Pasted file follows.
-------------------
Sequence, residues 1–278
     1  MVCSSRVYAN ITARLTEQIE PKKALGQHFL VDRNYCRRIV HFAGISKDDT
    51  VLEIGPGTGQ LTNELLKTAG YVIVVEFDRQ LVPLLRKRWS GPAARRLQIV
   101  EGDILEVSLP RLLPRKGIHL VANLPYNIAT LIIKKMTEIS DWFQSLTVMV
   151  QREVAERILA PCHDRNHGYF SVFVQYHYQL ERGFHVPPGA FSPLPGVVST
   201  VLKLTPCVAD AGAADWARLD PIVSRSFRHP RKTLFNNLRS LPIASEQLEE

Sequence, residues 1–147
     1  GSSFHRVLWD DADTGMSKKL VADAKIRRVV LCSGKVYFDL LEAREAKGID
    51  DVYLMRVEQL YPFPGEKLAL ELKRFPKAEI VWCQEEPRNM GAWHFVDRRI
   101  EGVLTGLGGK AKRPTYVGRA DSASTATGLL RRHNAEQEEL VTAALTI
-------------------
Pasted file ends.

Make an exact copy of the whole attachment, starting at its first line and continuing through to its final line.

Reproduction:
Sequence, residues 1–278
     1  MVCSSRVYAN ITARLTEQIE PKKALGQHFL VDRNYCRRIV HFAGISKDDT
    51  VLEIGPGTGQ LTNELLKTAG YVIVVEFDRQ LVPLLRKRWS GPAARRLQIV
   101  EGDILEVSLP RLLPRKGIHL VANLPYNIAT LIIKKMTEIS DWFQSLTVMV
   151  QREVAERILA PCHDRNHGYF SVFVQYHYQL ERGFHVPPGA FSPLPGVVST
   201  VLKLTPCVAD AGAADWARLD PIVSRSFRHP RKTLFNNLRS LPIASEQLEE

Sequence, residues 1–147
     1  GSSFHRVLWD DADTGMSKKL VADAKIRRVV LCSGKVYFDL LEAREAKGID
    51  DVYLMRVEQL YPFPGEKLAL ELKRFPKAEI VWCQEEPRNM GAWHFVDRRI
   101  EGVLTGLGGK AKRPTYVGRA DSASTATGLL RRHNAEQEEL VTAALTI